Noel Sindihokubwabo remembers the date exactly: Dec. 3, 2012.
On that day, he and his family moved from an apartment in downtown Dallas to the home they helped build with Dallas Area Habitat for Humanity. They would miss nothing about the old place. The high turnover rate in the building left Noel with no sense of his neighbors, and his wife Claudine Nizigyimana found their lack of privacy upsetting.
In their new home, the family feels more free. Noel and Claudine’s five children have a space to read after school, and they can play outside, something frequent street violence prevented in their former neighborhood.
The U.S. Congress had this kind of transformation in mind when, in 2008, it established the Neighborhood Stabilization Program, aimed at improving communities beleaguered by foreclosures and abandoned properties. The grant program has helped many Habitat affiliates, including Dallas Area Habitat. Because of the boost that government programs can have for Habitat efforts in the United States, particularly around capacity building, Habitat regularly advocates for initiatives that positively influence affordable housing. That impact can mean changed lives for families like the Sindihokubwabo-Nizigyimanas.
In addition to the physical and emotional security his family now enjoys, Noel welcomes the financial stability that homeownership provides. “When I pay my money,” he says, “I know that I’m depositing it somewhere. One day the house will be mine — and it will be there for our kids.”
To this family of seven who came to the United States from Ghana, this house is much more than four walls and a roof. It is freedom. Freedom from danger. Freedom from unwelcome intrusions. Freedom to study and play. And freedom to grow together as a family.
When they moved in, the neighborhood had high expectations of Noel, Claudine and their children. Moving into a Habitat home, Noel explains, means neighbors trust them and expect good behavior. But it also means continuing support after the home is finished. “We feel safe,” he says. “If something happens, my neighbor looks out for me. We’re family.”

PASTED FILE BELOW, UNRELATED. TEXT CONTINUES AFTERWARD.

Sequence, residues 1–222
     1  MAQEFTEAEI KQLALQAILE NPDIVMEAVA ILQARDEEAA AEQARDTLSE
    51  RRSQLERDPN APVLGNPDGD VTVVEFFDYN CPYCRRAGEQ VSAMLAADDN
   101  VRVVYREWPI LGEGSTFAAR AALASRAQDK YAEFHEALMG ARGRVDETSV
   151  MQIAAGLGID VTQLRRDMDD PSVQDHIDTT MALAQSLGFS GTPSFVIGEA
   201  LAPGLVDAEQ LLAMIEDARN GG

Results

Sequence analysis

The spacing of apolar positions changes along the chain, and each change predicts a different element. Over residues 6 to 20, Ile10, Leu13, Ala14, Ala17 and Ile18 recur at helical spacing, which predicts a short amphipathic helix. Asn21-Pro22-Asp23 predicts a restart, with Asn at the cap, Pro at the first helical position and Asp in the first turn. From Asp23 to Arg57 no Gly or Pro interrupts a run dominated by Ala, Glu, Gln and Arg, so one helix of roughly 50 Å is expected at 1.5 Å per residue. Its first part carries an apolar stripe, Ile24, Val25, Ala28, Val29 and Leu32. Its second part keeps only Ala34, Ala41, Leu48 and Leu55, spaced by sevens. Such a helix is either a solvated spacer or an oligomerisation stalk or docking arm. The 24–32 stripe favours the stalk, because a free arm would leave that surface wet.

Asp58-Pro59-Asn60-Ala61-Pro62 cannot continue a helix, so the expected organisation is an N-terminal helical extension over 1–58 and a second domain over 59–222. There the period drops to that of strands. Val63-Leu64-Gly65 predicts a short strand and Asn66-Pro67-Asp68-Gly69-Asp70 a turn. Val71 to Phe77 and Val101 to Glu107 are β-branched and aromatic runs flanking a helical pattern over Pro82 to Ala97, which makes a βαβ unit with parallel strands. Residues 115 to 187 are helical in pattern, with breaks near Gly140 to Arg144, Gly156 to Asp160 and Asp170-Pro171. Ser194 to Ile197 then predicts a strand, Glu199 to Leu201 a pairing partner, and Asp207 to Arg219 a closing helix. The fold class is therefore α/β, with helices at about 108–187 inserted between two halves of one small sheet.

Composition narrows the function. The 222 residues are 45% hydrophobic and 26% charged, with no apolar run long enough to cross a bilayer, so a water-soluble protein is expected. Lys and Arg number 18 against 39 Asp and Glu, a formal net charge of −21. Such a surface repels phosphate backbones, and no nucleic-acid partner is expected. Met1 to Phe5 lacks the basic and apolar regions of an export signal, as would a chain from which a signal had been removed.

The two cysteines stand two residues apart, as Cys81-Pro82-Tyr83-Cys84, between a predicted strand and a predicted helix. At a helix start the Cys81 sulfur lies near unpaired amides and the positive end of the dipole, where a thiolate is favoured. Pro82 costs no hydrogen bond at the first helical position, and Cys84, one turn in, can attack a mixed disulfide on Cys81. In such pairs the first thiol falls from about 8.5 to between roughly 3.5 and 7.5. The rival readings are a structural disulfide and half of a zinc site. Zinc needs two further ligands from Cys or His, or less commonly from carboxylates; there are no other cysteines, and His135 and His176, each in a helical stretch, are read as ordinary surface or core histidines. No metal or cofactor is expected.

Stories like the Sindihokubwabo-Nizigyimana family’s inspire Habitat to advocate for programs that support affordable housing. One such program is the Self-Help Homeownership Opportunity Program, which helps nonprofit organizations like Habitat cover the most costly aspects of affordable housing development: acquiring land and purchasing foreclosed and abandoned properties. Like the Neighborhood Stabilization Program, SHOP has significantly boosted Habitat’s efforts in the United States.
To date, more than 600 Habitat affiliates receiving SHOP funds have completed 15,700 homes. Habitat homeowner families have grown more than $187 million in federal funds into $417 million in home equity. As successful as the program has been, SHOP funds aren’t guaranteed. Habitat annually urges Congress to allocate funds for this important program. Individual advocates, engaging their representatives on this issue, are instrumental in that process.
For the Sindihokubwabo-Nizigyimana family, homeownership would not have been possible without smart programs that leverage federal dollars for affordable housing. At this year’s Habitat on the Hill, affiliate representatives and volunteers urged lawmakers to continue supporting stable neighborhoods by protecting federal programs like SHOP and NSP, programs that allow Habitat affiliates to help more families find the freedom and stability of affordable homeownership.
To help ensure that these types of programs continue to help families like the Sindihokubwabo-Nizigyimanas, let your voice be heard. Take action now.